A leftover from yesterday via Mediaite. I hate it when he’s right.
Is he right, though? Hard to imagine that Mitch McConnell and Chuck Grassley would commit themselves in writing to blocking the nominee if they weren’t prepared to follow through:
Rarely does a Supreme Court vacancy occur in the final year of a presidential term, and the Senate has not confirmed a nominee to fill a vacancy arising in such circumstances for the better part of a century. So the American people have a particular opportunity now to make their voice heard in the selection of Scalia’s successor as they participate in the process to select their next president — as they decide who they trust to both lead the country and nominate the next Supreme Court justice. How often does someone from Ashland, Ky., or Zearing, Iowa, get to have such impact?
We don’t think the American people should be robbed of this unique opportunity. Democrats beg to differ. They’d rather the Senate simply push through yet another lifetime appointment by a president on his way out the door…
Indeed, this is the kind of logic that led more than two dozen Democratic senators — including Sens. Reid, Charles E. Schumer (N.Y.), Patrick J. Leahy (Vt.) and then-senators Barack Obama (Ill.), Joe Biden (Del.), John F. Kerry (Mass.) and Hillary Clinton (N.Y.) — to vote to deny President George W. Bush’s nominee to the Supreme Court, Samuel Alito, an up-or-down vote…
That was when Schumer, today the heir apparent as Senate Democratic leader, gave a lengthy and stirring speech to the left-leaning American Constitution Society — 18 months, or 1½ years, before the end of Bush’s term — in which he declared that the Senate “should reverse the presumption of confirmation” and “not confirm a Supreme Court nominee except in extraordinary circumstances.”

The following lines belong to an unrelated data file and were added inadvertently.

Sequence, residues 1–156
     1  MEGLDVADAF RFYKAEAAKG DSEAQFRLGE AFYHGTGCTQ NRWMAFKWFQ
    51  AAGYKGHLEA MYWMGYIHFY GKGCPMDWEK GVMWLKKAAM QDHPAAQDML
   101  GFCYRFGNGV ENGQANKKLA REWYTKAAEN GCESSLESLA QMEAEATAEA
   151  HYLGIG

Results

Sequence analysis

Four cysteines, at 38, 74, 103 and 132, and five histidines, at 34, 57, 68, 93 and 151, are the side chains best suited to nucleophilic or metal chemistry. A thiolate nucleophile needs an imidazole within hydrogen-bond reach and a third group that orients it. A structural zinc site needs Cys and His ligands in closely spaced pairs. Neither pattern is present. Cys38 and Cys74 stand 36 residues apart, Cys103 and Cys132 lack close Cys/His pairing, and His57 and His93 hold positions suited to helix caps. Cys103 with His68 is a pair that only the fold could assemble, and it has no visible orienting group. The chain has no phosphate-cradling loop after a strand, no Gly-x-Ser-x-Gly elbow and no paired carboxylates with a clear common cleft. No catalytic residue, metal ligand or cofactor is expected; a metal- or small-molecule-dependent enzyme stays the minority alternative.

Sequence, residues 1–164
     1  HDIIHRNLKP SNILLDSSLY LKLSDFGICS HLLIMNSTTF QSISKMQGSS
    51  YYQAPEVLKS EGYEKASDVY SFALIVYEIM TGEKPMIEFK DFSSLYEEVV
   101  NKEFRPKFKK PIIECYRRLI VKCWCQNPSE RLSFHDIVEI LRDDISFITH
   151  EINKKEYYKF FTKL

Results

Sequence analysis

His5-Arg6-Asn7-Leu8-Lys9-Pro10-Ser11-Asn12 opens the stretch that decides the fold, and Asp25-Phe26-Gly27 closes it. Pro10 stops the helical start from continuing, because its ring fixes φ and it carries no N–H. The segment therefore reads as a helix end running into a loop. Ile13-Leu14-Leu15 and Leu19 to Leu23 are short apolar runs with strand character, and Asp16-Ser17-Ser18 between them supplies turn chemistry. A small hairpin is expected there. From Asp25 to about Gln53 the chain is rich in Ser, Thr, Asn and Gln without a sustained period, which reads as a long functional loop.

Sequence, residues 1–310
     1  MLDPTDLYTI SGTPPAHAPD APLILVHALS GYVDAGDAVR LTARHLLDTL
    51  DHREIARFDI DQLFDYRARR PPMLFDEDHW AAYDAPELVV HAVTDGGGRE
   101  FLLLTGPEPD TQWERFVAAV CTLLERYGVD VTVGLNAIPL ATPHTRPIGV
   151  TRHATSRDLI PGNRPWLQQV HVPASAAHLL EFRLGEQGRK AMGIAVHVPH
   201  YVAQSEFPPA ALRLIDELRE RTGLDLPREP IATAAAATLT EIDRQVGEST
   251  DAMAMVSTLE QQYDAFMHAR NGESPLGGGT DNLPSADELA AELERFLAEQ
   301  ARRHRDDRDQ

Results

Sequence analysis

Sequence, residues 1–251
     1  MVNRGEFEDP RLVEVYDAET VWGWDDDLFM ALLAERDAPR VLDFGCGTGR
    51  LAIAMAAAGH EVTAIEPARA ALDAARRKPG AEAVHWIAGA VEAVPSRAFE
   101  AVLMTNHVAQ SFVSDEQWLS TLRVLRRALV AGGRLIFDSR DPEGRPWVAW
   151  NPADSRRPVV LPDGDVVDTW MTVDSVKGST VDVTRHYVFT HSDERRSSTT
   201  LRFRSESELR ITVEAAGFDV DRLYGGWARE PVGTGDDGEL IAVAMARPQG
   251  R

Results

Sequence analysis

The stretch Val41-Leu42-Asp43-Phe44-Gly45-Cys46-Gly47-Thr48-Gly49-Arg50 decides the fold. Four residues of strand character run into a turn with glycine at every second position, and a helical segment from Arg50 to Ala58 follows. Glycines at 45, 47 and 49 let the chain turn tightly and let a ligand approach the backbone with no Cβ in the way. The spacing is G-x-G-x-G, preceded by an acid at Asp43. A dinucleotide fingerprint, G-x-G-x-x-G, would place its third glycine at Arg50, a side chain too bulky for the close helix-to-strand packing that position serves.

That’s a populist note in a populist climate: The people, not Barack Obama, deserve to say who should make this appointment. If McConnell and Grassley cave now, it’s not just conservatives they’re betraying. It’s the alleged right of voters to decide the fate of the Supreme Court.
We’ll see how long that lasts. Biden hinted yesterday that Obama would nominate someone who can plausibly be presented as centrist, which is smart politics insofar as it would deny McConnell the chance to claim that the GOP’s opposition is due to the nominee’s “extremism.” Sri Srinivasan has been touted for his bipartisan record and he’s the name who seems to be coming up most among the smart set. Another possibility (not mutually exclusive with the first) is that the White House will try to wring every inch of racial demagoguery out of this opportunity by nominating someone who’s black or Latino and then screeching that prejudice is the only possible explanation for GOP obstructionism — even though they’ve already made their obstructionist intent clear before Obama has floated any names. The NYT published a splashy piece a few days ago about black voters perceiving bigotry in Republicans trying to deny Obama another Supreme Court appointment. If Loretta Lynch, say, is Obama’s nominee, that effect will only be compounded, especially once the media gets cracking with soft-focus interviews with the nominee nudging him/her about the GOP’s “motives.” Is McConnell ready for 10 months of that?
Here’s Reid patting himself on the back over the fact that Democrats never filibustered a Republican Court nominee, which ignores the fact that (a) plenty of them tried, including Sen. Barack Obama, and (b) they did successfully filibuster Miguel Estrada’s appointment to the D.C. Circuit — seven times, precisely because it was an obvious stepping stone to the Supreme Court. Here’s your exit quotation, via Ed Whelan. Any guesses on which Democratic leading light said this in 2005? “The duties of the Senate are set forth in the U.S. Constitution. Nowhere in that document does it say that the Senate has a duty to give Presidential appointees [sic; he means ‘nominees’] a vote. It says appointments shall be made with the advice and consent of the Senate. That is very different than saying very nominee receives a vote.”